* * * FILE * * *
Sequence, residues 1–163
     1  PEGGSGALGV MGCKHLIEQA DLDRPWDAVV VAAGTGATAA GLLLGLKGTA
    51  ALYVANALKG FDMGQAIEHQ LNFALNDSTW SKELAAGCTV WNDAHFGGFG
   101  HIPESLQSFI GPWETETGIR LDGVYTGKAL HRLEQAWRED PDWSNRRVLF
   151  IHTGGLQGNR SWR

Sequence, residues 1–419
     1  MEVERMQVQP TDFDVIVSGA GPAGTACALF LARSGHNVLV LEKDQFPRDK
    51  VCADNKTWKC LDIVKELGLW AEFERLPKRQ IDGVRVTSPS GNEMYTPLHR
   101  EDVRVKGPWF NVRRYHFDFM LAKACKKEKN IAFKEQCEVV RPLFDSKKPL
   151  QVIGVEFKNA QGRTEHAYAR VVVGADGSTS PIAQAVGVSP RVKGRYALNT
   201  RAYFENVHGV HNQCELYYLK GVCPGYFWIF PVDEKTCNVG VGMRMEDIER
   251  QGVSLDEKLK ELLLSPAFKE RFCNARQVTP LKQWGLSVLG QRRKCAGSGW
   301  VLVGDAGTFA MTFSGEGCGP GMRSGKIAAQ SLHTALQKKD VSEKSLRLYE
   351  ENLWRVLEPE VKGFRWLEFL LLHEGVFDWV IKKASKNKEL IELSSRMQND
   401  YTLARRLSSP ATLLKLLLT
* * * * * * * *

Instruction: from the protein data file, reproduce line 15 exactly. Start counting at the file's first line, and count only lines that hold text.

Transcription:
   401  YTLARRLSSP ATLLKLLLT